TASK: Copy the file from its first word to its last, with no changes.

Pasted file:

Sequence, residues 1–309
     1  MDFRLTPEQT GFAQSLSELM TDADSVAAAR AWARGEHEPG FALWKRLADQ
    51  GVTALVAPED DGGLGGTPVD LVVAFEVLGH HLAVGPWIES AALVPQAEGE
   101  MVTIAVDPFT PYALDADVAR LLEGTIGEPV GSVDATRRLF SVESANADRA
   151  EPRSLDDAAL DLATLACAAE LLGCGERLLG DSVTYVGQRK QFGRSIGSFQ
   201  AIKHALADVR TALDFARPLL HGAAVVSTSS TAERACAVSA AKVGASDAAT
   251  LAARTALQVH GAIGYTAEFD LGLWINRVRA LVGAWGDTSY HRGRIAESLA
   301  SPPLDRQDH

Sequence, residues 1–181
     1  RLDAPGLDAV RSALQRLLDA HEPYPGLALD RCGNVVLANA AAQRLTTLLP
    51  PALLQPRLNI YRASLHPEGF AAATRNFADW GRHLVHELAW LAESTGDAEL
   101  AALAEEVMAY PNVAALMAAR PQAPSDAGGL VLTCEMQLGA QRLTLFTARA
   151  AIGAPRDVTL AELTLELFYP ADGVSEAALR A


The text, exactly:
Sequence, residues 1–309
     1  MDFRLTPEQT GFAQSLSELM TDADSVAAAR AWARGEHEPG FALWKRLADQ
    51  GVTALVAPED DGGLGGTPVD LVVAFEVLGH HLAVGPWIES AALVPQAEGE
   101  MVTIAVDPFT PYALDADVAR LLEGTIGEPV GSVDATRRLF SVESANADRA
   151  EPRSLDDAAL DLATLACAAE LLGCGERLLG DSVTYVGQRK QFGRSIGSFQ
   201  AIKHALADVR TALDFARPLL HGAAVVSTSS TAERACAVSA AKVGASDAAT
   251  LAARTALQVH GAIGYTAEFD LGLWINRVRA LVGAWGDTSY HRGRIAESLA
   301  SPPLDRQDH

Sequence, residues 1–181
     1  RLDAPGLDAV RSALQRLLDA HEPYPGLALD RCGNVVLANA AAQRLTTLLP
    51  PALLQPRLNI YRASLHPEGF AAATRNFADW GRHLVHELAW LAESTGDAEL
   101  AALAEEVMAY PNVAALMAAR PQAPSDAGGL VLTCEMQLGA QRLTLFTARA
   151  AIGAPRDVTL AELTLELFYP ADGVSEAALR A